Penn Graduate School of Education Finalizing $54M Grant to Evaluate National Reading Program

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Media Contact:Jill DiSanto-Haines | jdisanto@upenn.edu | 215-898-4820August 12, 2010

PHILADELPHIA — A planned $54 million Investing in Innovation federal grant will bring $4 million to Penn GSE’s Consortium for Policy Research in Education at the University of Pennsylvania’s Graduate School of Education to evaluate the effectiveness of a national program aimed at strengthening literacy among struggling first-graders in underperforming schools. Penn is part of a 16-university consortium working on this project.  The consortium will raise $9 million toward the $54 million total, and the federal government will provide the other $45 million.

Penn, along with 15 other universities involved in the project, is required to raise $9 million in matching funds, in order to secure the $45 million from the federal government.

Penn GSE faculty will collect and analyze extensive data on student performance, monitor the work of Reading Recovery teachers and track students’ long-term progress, as well as evaluate the implementation of the program in thousands of schools across the U.S.

Four faculty members from Penn GSE will evaluate the impact of scaling up the Reading Recovery program, a five-year project designed to provide long-term professional development for teachers who will work one-on-one for 30 minutes daily with young students to accelerate literacy development, enabling them to close the achievement gap.  It targets reading problems when they first become apparent, and the goal is to help bring the students up to speed with their fellow students in 20 weeks.

“According to the What Works Clearinghouse, the Reading Recovery program is the most effective early literacy intervention in existence,” Henry May, a senior researcher at the Consortium, said.  “Penn’s role in this project is to evaluate whether Reading Recovery continues to produce large and positive effects when we implement it on a really large scale.”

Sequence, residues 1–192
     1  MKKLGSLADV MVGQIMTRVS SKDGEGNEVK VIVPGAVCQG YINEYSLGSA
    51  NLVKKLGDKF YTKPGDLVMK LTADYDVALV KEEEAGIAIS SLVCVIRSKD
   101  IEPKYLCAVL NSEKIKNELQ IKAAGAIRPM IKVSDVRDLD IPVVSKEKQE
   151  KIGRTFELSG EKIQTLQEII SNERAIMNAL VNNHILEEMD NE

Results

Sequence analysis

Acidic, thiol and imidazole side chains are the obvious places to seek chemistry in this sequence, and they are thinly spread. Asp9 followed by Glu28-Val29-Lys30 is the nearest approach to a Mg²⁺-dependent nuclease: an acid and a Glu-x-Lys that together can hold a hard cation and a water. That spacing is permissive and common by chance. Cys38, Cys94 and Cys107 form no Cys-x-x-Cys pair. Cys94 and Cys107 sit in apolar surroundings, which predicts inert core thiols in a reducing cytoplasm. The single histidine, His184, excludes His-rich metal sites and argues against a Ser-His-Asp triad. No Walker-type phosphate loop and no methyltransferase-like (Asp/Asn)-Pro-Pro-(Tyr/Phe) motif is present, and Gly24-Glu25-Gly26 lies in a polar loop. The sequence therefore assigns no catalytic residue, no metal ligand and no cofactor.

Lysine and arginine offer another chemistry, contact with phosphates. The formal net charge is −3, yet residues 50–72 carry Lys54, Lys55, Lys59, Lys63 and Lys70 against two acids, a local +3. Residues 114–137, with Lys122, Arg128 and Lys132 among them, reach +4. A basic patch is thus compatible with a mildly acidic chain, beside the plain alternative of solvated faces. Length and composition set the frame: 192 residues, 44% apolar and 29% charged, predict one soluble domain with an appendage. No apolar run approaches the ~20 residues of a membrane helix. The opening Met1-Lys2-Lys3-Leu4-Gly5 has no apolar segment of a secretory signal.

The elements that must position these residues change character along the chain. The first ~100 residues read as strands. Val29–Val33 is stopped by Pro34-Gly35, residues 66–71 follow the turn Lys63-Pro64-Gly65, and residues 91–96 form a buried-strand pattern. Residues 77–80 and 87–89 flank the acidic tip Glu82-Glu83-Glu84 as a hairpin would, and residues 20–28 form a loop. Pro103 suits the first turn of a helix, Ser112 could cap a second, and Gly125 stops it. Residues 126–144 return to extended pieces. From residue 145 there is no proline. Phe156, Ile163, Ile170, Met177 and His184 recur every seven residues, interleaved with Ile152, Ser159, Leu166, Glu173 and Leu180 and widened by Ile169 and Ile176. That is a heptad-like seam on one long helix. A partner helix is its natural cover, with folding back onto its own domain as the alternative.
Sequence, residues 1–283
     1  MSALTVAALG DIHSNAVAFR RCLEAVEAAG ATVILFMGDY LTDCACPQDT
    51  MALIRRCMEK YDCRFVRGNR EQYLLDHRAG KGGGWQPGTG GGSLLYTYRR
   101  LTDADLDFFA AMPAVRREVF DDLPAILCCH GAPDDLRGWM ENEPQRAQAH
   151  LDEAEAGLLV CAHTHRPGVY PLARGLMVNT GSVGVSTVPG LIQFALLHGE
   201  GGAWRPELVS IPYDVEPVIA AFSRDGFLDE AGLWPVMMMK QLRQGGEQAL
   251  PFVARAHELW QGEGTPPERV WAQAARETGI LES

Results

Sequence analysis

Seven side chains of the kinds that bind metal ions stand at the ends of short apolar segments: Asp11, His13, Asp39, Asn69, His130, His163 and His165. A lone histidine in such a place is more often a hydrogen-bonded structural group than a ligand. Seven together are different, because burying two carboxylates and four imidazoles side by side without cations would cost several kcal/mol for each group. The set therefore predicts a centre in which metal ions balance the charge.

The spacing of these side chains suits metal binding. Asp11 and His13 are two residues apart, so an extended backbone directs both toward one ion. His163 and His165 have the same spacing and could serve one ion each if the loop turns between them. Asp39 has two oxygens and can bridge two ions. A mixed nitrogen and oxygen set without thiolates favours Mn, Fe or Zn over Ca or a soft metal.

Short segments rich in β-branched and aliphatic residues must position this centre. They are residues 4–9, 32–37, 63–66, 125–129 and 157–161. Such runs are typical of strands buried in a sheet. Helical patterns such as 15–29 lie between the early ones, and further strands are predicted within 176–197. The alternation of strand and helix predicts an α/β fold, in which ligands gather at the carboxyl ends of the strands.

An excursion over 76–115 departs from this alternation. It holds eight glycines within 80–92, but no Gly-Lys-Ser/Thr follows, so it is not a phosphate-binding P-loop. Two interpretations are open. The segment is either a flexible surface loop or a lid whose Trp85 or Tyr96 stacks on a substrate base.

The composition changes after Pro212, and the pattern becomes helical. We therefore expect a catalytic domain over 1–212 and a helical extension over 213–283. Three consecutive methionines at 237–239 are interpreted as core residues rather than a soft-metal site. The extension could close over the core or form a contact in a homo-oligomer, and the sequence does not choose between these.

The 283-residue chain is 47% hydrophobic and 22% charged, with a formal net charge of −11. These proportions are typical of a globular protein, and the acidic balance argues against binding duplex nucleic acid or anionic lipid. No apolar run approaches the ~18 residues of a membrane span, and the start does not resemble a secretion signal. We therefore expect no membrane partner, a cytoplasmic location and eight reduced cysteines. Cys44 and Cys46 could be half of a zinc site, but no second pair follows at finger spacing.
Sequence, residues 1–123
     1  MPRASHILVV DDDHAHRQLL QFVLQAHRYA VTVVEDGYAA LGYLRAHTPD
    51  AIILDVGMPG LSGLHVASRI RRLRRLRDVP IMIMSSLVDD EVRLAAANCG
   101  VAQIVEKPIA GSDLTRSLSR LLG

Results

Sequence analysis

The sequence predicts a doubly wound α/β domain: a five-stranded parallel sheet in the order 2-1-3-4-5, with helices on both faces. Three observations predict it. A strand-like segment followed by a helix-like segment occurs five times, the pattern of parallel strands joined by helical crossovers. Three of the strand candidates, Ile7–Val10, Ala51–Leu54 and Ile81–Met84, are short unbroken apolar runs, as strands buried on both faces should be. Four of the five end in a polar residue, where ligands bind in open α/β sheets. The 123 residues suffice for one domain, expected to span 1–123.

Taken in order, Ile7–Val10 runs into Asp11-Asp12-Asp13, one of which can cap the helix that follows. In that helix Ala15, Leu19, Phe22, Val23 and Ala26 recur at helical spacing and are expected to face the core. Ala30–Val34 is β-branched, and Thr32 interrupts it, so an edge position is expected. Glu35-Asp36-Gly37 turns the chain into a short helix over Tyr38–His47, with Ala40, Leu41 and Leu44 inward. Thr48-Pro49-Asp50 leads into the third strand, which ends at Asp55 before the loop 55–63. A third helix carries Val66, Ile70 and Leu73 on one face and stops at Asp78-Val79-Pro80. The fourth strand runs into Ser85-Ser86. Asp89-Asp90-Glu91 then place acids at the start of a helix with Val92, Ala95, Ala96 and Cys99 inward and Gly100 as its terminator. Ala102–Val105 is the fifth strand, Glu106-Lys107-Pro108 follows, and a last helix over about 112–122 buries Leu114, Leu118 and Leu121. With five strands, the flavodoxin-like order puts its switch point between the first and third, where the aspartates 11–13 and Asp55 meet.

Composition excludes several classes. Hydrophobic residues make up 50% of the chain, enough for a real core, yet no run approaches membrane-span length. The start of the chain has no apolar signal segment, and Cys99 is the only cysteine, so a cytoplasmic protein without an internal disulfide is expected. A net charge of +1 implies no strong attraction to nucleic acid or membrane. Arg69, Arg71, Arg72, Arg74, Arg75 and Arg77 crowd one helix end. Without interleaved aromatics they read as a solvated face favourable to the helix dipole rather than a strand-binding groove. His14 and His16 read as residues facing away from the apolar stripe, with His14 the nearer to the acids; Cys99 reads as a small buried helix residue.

Reading Recovery teachers will interact with 90,000 students individually, but, through their broader work in other classrooms, these new teachers will have the potential to have an impact on nearly 450,000 young learners.

“Our team of researchers has the necessary experience in conducting large-scale field trials that is required to meet the rigorous standards of evidence established by the Department of Education,” May said.

May, along with another senior researcher from the Consortium, Leslie Nabors Olah, will serve as the co-principal investigators on this project, leading a team of 11 researchers in monitoring the students’ academic progress for five years.  Two senior faculty members, including GSE’s dean, Andy Porter, and Bob Boruch, will advise the research team.

Distinguished by its contributions to education policy, strong quality-control procedures and expertise in disseminating research products to policy makers and practitioners, the Consortium for Policy Research in Education’s researchers have extensive experience conducting experimental studies, large-scale experimental and quasi-experimental research, mixed-methods studies, qualitative case studies and multi-state policy surveys.

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